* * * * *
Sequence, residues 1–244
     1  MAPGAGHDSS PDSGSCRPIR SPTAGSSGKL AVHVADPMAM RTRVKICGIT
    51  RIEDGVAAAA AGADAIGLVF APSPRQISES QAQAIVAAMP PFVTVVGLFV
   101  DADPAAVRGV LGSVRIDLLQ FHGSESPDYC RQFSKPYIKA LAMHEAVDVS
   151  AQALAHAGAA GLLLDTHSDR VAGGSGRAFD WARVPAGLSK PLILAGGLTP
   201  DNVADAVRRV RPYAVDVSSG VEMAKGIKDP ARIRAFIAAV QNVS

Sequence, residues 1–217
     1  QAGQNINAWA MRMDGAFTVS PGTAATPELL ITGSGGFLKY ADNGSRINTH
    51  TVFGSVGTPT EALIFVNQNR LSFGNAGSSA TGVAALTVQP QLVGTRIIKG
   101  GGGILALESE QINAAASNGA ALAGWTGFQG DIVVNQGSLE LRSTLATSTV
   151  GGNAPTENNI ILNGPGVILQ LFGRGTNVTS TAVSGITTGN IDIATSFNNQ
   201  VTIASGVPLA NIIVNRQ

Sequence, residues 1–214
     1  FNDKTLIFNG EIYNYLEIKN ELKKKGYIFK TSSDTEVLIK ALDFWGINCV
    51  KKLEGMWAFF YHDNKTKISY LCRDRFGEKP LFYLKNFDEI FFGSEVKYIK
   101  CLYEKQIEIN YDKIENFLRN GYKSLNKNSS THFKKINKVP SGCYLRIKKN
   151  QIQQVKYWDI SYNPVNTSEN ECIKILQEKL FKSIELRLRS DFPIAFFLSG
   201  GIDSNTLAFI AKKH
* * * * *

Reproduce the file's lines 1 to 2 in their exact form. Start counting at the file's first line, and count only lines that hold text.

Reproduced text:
Sequence, residues 1–244
     1  MAPGAGHDSS PDSGSCRPIR SPTAGSSGKL AVHVADPMAM RTRVKICGIT